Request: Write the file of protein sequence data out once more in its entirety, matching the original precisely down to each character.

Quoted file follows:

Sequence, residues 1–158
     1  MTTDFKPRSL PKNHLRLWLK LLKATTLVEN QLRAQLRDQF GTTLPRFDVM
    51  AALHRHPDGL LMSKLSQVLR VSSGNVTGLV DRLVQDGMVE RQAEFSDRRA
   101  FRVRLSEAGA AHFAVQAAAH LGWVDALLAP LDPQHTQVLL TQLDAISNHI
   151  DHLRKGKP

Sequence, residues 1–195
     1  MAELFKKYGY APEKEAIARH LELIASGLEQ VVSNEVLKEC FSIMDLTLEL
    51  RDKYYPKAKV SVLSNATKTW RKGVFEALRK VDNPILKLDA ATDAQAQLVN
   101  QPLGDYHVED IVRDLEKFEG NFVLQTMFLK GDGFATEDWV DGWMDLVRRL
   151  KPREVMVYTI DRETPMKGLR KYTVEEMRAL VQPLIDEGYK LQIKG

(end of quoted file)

Sequence, residues 1–158
     1  MTTDFKPRSL PKNHLRLWLK LLKATTLVEN QLRAQLRDQF GTTLPRFDVM
    51  AALHRHPDGL LMSKLSQVLR VSSGNVTGLV DRLVQDGMVE RQAEFSDRRA
   101  FRVRLSEAGA AHFAVQAAAH LGWVDALLAP LDPQHTQVLL TQLDAISNHI
   151  DHLRKGKP

Sequence, residues 1–195
     1  MAELFKKYGY APEKEAIARH LELIASGLEQ VVSNEVLKEC FSIMDLTLEL
    51  RDKYYPKAKV SVLSNATKTW RKGVFEALRK VDNPILKLDA ATDAQAQLVN
   101  QPLGDYHVED IVRDLEKFEG NFVLQTMFLK GDGFATEDWV DGWMDLVRRL
   151  KPREVMVYTI DRETPMKGLR KYTVEEMRAL VQPLIDEGYK LQIKG